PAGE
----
A champagne-colored Lexus SUV filled with four well-coifed, middle-aged women pulls up to the valet stand. Attendants surround the car and, with a flourish, simultaneously fling open all four doors. Expensive perfume scents the hot summer breeze. One woman stoops to adjust her strappy Jimmy Choos while another rearranges the belt over her Prada sundress. And then, with everything just so, they step onto the sidewalk and approach the entrance to Marquee Grill & Bar in Highland Park Village.

Before they can push through the doors, though, a shiny black Bentley jumps the curb and parks on the sidewalk. The women shriek as the driver dashes like Errol Flynn to greet them. A striking, raven-haired woman then slides out of the Bentley’s passenger seat, and her pouty Valentino red lips part. She says, “What perfect timing!”

Indeed, everything seems perfect and wonderful at Highland Park Village. Developers Ray Washburne and Stephen Summers bought the property two years ago and have performed enough reconstructive surgery on the aging beauty that the 80-year-old shopping center looks half its age. The underutilized spaces are now filled and riffraff occupants have been replaced with sparkling, high-dollar tenants such as Stella McCartney, Christian Louboutin, and Diane von Furstenburg.

And Brian Twomey. Who? You won’t find that 38-year-old whippersnapper’s name in The Dallas Social Directory. A quick look at Twomey’s résumé reveals he’s not a blue blood. His first restaurant, Loft 610, was in—gasp—Plano. His second, The Common Table, is a casual pub in Uptown. Not only was he raised in Lake Highlands, Twomey was once a “lowly cube jockey” at Pizza Hut, as he puts it. Hardly the pedigree one would expect from a man now in his position. His Twomey Concepts owns and operates Marquee Grill & Bar and The Village Theatre.

It’s a wonder the deal ever happened. Washburne had a vision for restoring the Highland Park theater and adding a multi-story restaurant next door, and he was wrapping up the process of interviewing people to carry out that vision. Through a friend in real estate, though, Twomey was granted a late meeting and worked 48 hours straight on his proposal. He already had one ace in his plan: Tre Wilcox, the handsome chef who wowed Highland Park diners during his seven-year stint at Abacus and gained a national following after starring for two seasons on Bravo’s Top Chef. Twomey hired Wilcox in 2009 to retool Loft 610’s menu and promised him his own restaurant some day. Now he had a chance to showcase Wilcox in the highest-priced restaurant space in Dallas. Twomey won the job.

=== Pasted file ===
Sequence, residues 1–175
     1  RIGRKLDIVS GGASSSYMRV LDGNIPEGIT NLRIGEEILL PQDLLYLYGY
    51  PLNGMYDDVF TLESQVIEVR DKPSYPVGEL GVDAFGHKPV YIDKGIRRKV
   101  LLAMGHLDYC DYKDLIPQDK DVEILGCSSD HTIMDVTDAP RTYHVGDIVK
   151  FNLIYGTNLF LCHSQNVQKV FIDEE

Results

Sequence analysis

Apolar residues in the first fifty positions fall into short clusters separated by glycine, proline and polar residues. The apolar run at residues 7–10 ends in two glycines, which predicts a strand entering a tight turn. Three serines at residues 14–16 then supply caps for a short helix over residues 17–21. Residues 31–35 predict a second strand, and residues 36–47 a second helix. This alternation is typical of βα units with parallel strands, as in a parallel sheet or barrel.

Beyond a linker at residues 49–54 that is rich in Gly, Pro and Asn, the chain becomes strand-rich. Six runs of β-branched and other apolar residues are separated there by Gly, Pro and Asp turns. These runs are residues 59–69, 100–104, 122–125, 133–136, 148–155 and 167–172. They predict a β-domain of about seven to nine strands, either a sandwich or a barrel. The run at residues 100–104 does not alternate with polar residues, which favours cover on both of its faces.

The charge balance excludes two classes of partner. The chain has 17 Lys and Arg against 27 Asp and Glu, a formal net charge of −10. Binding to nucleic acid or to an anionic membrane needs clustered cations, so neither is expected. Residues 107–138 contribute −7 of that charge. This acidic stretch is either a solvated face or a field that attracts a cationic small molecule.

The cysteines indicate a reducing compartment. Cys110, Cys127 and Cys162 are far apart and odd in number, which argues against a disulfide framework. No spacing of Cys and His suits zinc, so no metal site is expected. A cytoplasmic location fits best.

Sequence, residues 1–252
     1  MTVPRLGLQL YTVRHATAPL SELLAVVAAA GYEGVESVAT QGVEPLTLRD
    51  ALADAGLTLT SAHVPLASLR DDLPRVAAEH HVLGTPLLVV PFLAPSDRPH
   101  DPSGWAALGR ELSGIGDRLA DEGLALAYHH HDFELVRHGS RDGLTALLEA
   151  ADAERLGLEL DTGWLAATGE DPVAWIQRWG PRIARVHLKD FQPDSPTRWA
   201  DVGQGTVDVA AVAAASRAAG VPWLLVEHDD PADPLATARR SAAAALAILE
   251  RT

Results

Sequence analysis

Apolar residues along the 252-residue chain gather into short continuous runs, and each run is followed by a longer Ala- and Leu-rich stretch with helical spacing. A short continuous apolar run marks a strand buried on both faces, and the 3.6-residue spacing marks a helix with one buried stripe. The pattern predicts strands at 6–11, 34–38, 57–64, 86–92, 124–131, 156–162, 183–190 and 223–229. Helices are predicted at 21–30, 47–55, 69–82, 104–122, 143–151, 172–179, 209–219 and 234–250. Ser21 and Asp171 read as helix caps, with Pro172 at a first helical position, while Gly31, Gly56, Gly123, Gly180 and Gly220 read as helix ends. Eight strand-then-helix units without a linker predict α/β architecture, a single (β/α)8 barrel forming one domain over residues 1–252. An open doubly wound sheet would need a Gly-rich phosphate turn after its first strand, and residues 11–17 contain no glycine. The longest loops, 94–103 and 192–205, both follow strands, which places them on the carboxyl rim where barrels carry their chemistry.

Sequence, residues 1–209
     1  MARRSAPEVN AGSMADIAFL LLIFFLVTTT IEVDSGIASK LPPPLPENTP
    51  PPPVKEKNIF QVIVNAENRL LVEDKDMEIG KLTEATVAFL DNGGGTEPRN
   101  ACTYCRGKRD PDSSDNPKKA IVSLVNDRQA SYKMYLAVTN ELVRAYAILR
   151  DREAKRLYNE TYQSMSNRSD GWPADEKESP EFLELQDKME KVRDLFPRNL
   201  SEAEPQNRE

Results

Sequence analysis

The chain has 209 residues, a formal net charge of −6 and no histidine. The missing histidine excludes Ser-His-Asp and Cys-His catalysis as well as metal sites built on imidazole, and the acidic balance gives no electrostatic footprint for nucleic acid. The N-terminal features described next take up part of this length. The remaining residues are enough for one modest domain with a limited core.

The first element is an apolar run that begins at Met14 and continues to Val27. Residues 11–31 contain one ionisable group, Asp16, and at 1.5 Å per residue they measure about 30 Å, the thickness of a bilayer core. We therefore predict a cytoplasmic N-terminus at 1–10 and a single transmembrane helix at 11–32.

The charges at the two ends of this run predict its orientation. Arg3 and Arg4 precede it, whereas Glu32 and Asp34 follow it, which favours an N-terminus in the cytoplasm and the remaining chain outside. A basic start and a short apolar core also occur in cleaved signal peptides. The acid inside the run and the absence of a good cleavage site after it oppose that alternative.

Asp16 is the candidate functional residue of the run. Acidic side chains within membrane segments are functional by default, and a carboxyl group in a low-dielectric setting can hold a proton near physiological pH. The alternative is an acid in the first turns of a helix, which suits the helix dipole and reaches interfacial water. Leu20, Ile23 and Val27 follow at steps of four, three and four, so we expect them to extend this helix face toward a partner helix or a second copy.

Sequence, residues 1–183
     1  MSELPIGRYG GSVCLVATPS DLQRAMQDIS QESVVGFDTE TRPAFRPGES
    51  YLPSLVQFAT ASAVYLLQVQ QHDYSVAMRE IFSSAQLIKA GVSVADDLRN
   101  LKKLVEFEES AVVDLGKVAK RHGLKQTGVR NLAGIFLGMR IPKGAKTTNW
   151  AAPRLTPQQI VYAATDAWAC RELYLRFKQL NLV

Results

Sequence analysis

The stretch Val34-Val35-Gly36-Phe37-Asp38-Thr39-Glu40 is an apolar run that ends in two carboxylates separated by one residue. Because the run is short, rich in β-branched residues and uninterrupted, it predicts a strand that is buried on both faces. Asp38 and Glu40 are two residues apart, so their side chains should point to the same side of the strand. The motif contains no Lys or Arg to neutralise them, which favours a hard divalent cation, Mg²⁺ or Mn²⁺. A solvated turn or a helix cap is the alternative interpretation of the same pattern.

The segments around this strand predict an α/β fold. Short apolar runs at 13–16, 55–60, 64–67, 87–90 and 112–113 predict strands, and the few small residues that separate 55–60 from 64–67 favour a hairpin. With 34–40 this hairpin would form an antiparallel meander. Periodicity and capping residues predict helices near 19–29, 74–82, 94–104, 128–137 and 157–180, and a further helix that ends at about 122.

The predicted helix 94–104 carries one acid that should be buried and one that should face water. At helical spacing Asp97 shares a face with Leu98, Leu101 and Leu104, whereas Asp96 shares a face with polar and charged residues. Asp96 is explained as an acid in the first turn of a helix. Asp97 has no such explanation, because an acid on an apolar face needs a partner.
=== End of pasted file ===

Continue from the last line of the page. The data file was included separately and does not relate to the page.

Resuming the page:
Washburne tested him early. “This was not like any other deal where the landlord was pitching you,” Twomey says. “This was you pitching the landlord. Washburne said he liked me and was going to give me a shot. Then he told me there would be no money for improvement and I had to do it on my own.” Plus, Twomey would have to toss in $600,000 toward the theater renovations.

Twomey needed $4 million fast. He found it when he ran into his old Pizza Hut boss, Peter Hearl. “He put up meaningful dollars and bought into my company,” Twomey says. “Then we leaned on his son, Mark, an investment banker in New York, to move to Dallas and be my partner.”

Many more “meaningful dollars” later, Twomey and Mark Hearl are running one of the most fashionable restaurants in Dallas. Their all-star staff did not come cheap. Besides Wilcox, there’s Justin Beam. The former general manager at Fearing’s and bar manager at Craft runs the front of the house. Jeff Yerger, once the general manager at Abacus, assists him. Jason Kosmas and his manly mustache are behind the sexy bar. Forbes magazine once named the latter the best bartender in New York. Wilcox staffed his kitchen with his loyal band of “little brothers,” including Jermaine Brown, Tim Woehr, Brian Bell, Tommy Smith, and Oliver Sitrin.

marquee_02 Rabbit tenderloin. photography by Kevin Marple


If the restaurant is busy, there isn’t a bad spot in the house. The 270 seats are spread over two floors and three patios. The premium spot is the Chef’s Dining Room downstairs. Here the setting is feminine and formal, with dramatic coffee-brown booths, white-clothed tables, large silver-framed mirrors, and shiny ’70s-style chandeliers. The Chef’s Dining Room is the only place to view the exhibition kitchen where Wilcox and company perform their choreographed cooking show.

Halfway up the stairs, carpeted in a black, brown, and blue geometric pattern, you’ll find a narrow dining area to the right. The clubby space designed by Zero 3 with bent-wood cane-back chairs overlooks the outdoor Romeo and Juliet-style balcony. Across the hall you’ll find the entrance to Kosmas’ bar. Take a few more steps up to a dining room on the top floor filled with banquettes for two, four-top tables, and brown leather booths. The upstairs decor is more midcentury modern by way of country club, with Armani green cypress stained walls lined with brown leather booths on one side and exposed brick along the other. A skylight lightens the space.

We arrived at 6:30 on a Friday evening and were the first table seated upstairs. We felt like we’d been banished to Siberia. Our only company was the waitstaff huddled behind the service bar, just arm’s length from our table. We could hear them gossiping about customers who’d been overserved the night before.